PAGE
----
Abbreviations – SND



Geographical Labels

A Top

a. (with date) ante = before
A. = Author (after an author’s own note)
abbr. abbreviated, abbreviation
abr. abridged
absol. absolute(ly)
acc. accusative
accord. according
ad. adaptation of
Add. Addenda
adj. adjective, adjectival(ly)
adv. adverb, adverbial(ly)
affirm. affirmative(ly)
Angus Gl. Glossary of the Shetland Dialect, by J. S. Angus (1914)
Anon. Anonymous
ante. antecedent
aph. aphetic
App. Appendix
appar. apparent(ly)
Arab. Arabic
arch. archaic
art. article
assim. assimilated, assimilation
assoc. association
attrib. attributive(ly)
aux. auxiliary
A.V. Authorised Version

B Top

B. and H. A Dictionary of English Plant-Names, by James Britten, F.L.S., and

Robert Holland (1886)

B.C. Bannatyne Club
Bense A Dictionary of the Low-Dutch Element in the English Vocabulary,

by J. F. Bense, Lit. Ph.D. (1926–38)

Björkman Scandinavian Loan- Words in Middle English, by Erik Björkman,

Ph.D. (1900–02)

Bk. Book
B.R.S. Burgh Record Society

C Top

c. (with date) Circa = about
c. century
cent. century
centr. central
cf. confer = compare
chron. chronological(ly)
Cleasby and Vigfusson Icelandic–English Dictionary based on the MS. collections of the

late Richard Cleasby, enlarged and completed by Gudbrand

Vigfusson (1874)

C.M. Cursor Mundi
cogn. cognate
coll. collective(ly)
colloq. colloquial(ly)
Colville Studies in Lowland Scots, by J. Colville (1909)
comb. combination
comm. common(ly)
comp. compound
compar. comparative
Concise Eng. Dict. The Concise Oxford Dictionary of Current English, adapted by H. W.

Fowler and F. G. Fowler from The Oxford Dictionary (1929)

condit. conditional
conj. conjunction, conjunctive
conn. connected
cons. consonant
constr. constructed, construction
contr. contracted, contraction
corr. corresponding to
Cotgrave A Dictionarie of the French and English Tongues, compiled by

Randle Cotgrave (1611)

Curriehill John Marshall, Lord Curriehill (1794–1868), judge of the Court of

Session, who wrote marginal notes in a copy of MacTaggart’s

Gallov. Encycl. now in the library of the late Mr. E. A. Hornel,

artist, Kirkcudbright. (Gall. a.1868 Curriehill)

D Top

d. died
(D) dialect, dialectal (after the county name at the start of a quotation, to indicate particularly strongly marked local dialect)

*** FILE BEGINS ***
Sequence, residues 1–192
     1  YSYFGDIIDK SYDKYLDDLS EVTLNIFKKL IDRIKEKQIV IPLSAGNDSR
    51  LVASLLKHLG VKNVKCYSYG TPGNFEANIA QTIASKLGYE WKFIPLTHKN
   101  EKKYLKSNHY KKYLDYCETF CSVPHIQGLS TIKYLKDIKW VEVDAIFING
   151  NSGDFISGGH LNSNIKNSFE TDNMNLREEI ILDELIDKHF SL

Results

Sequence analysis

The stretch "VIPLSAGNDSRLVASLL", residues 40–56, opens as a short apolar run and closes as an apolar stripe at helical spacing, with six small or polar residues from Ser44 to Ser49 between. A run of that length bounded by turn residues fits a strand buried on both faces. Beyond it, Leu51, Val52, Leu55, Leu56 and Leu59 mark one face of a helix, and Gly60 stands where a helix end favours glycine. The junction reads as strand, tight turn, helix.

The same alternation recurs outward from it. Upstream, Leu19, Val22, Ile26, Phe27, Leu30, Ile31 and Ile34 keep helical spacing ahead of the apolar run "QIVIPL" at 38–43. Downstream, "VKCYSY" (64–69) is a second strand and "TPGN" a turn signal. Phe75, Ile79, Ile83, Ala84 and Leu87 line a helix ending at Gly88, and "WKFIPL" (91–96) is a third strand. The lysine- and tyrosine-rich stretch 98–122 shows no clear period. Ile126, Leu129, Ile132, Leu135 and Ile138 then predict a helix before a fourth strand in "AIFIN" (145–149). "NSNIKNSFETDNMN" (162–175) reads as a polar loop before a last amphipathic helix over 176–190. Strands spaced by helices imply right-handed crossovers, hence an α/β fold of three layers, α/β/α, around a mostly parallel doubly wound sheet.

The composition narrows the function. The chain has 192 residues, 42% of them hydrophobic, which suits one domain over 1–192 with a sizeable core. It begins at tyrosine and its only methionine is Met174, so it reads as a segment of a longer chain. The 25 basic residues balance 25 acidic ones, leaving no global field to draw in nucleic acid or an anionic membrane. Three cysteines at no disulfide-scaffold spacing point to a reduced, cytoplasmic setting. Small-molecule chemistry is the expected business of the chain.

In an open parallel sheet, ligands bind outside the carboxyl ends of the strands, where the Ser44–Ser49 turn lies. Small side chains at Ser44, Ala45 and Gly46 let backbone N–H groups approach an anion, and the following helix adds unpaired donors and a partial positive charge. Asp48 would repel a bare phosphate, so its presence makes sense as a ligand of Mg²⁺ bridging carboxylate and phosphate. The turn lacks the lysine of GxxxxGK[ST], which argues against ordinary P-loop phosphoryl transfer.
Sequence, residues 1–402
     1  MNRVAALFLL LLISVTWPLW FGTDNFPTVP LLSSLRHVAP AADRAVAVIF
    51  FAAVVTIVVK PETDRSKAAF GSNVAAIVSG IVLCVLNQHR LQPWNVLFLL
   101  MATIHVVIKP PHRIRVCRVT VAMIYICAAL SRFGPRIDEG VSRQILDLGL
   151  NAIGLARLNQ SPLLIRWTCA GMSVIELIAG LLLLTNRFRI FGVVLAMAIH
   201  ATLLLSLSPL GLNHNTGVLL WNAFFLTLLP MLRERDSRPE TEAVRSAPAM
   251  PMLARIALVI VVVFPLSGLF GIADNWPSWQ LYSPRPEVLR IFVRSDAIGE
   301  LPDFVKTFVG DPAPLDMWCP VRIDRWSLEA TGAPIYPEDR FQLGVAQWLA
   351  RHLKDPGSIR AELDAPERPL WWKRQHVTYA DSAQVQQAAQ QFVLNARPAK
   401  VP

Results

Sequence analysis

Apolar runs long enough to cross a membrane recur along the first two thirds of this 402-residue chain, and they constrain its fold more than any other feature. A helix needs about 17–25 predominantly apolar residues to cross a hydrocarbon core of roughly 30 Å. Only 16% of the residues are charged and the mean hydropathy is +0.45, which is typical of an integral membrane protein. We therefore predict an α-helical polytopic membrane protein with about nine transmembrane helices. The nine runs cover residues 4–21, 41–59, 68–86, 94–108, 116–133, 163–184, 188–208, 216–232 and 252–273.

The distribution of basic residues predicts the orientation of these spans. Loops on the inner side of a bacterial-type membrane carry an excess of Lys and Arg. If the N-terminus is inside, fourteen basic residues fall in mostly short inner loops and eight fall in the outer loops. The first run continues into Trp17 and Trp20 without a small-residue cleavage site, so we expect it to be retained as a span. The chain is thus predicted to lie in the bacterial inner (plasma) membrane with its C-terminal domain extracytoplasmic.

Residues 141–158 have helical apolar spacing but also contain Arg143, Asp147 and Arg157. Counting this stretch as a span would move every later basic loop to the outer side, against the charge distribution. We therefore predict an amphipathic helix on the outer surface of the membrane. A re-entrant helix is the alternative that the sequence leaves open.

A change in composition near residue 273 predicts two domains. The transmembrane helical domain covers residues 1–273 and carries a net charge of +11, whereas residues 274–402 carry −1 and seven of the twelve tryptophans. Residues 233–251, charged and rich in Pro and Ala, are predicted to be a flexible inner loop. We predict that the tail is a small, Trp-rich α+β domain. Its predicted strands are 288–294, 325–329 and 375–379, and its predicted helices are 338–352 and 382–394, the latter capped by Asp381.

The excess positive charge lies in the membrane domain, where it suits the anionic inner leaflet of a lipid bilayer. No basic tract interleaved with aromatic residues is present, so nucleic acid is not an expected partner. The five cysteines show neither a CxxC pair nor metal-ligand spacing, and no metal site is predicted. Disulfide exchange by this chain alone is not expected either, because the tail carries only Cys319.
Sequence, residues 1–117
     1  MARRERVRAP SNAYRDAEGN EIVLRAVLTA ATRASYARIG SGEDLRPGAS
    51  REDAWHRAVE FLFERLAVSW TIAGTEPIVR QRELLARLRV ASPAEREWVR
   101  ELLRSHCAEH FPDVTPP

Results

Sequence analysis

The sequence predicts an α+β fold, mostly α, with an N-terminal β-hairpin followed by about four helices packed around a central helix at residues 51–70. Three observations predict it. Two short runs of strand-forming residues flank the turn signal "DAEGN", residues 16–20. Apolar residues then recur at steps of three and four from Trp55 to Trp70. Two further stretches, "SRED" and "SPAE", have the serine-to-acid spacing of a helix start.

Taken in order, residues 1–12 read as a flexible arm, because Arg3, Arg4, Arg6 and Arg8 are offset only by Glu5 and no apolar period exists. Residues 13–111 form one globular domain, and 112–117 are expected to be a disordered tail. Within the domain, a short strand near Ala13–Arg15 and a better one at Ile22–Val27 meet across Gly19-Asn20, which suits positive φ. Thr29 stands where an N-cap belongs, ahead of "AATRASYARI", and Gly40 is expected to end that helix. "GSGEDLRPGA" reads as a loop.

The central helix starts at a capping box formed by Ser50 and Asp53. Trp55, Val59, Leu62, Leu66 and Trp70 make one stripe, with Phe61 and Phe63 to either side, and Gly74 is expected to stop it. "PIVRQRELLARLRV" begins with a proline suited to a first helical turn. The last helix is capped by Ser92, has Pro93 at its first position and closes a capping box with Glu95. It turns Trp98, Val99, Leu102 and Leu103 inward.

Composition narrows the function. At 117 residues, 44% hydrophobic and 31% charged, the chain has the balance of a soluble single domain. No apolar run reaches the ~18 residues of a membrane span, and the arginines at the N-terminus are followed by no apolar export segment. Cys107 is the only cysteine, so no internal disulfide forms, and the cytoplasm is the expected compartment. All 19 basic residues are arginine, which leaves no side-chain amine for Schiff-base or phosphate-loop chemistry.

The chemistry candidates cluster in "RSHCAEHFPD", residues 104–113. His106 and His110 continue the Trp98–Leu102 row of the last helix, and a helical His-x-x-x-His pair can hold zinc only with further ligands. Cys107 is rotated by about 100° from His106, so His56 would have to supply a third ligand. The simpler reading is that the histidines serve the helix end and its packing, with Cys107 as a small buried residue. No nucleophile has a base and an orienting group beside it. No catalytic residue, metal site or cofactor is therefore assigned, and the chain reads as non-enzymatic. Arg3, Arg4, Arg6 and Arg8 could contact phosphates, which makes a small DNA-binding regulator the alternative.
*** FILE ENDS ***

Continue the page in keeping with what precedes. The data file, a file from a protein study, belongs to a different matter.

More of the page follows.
D.A.E. A Dictionary of American English on Historical Principles, compiled

at the University of Chicago under the editorship of Sir William

Craigie and James R. Hulbert (1936–)

Dan. Danish
Danneil Worterbuch der altmarkischen platt-deutschen Mundart. by Johann

Friedrich Danneil (1859)

dat. dative
def. definition
def. art. definite article
dem. demonstrative
deriv. derived, derivative, derivation
dial. dialect, dialectal
Dict. Dictionary
Dieth A Grammar of the Buchan Dialect (Aberdeenshire), Descriptive and

Historical. Vol. I. Phonology–Accidence, by Eugen Dieth,

Ph.D. (1932)

Diez An Etymological Dictionary of the Romance Languages; chiefly from

the German of Friedrich Diez, by T. C. Donkin,

B.A. (1864)

Dijkstra Friesch Woordenboek, by W. Dijkstra (1900)
dim. diminutive
Dinneen Dinneen’s Irish–English Dictionary
D.O.S.T. A Dictionary of the Older Scottish Tongue, from the Twelfth Century

to the end of the Seventeenth, by Sir William A. Craigie, LL.D.,

D.Litt. and A. J. Aitken, M.A. (1931–)

D.S.C.S. The Dialect of the Southern Counties of Scotland, by J. A. H. Murray


Du. Dutch
Dwelly The Illustrated Gaelic–English Dictionary, by E. Dwelly. F.S.A.

Scot., F.S.G. (4th ed. 1941)

E Top

E. Early
(E) Eclectic = an artificial form of Scots, sometimes called synthetic

Scots or Lallans

e.Ang. east Anglian
ed. edited, editor, edition
E.D.D. The English Dialect Dictionary, by Joseph Wright, in six Volumes


Edm. Gl. Glossary of the Dialect of Shetland and Orkney, by T. Edmonston


E.E.P. Early English Pronunciation, by A. J. Ellis (1869–1889)
E.E.T.S. Early English Text Society
ellipt. elliptical(ly)
E.M.E. Early Modern English
Eng. English
Eng.–Welsh Dict. Spurrell’s English–Welsh Dictionary (1926)
erron. erroneous(ly)
esp. especial(ly)
etym. etymology, etymological(ly)
euphem. euphemism, euphemistic(ally)
evid. evident(ly)
ex. example(s)
exc. except, exception
excl. exclamation, exclamatorily
expl. explained
expr. expression

F Top

Fær. Faeroese
Falk and Torp Norwegisch–Danisches Etymologisches Wörterbuch, by H. S.

Falk and Alf Torp (1910–1911)

fam. familiar(ly)
Farmer and Henley A Dictionary of Slang and Colloquial English, by John S. Farmer and

W. E. Henley (1905)

fem. feminine
fig. figurative(ly)
fl. floruit = flourished
Flem. Flemish
Flom. Scandinavian Influence on Southern Lowland Scotch, by G. T. Flom


foll. following, followed
Fr. French
Francisque-Michel A Critical Inquiry into the Scottish Language, by Francisque-Michel


Franck Franck’s Etymologisch Woordenboek der Nederlandsche Taal (1912)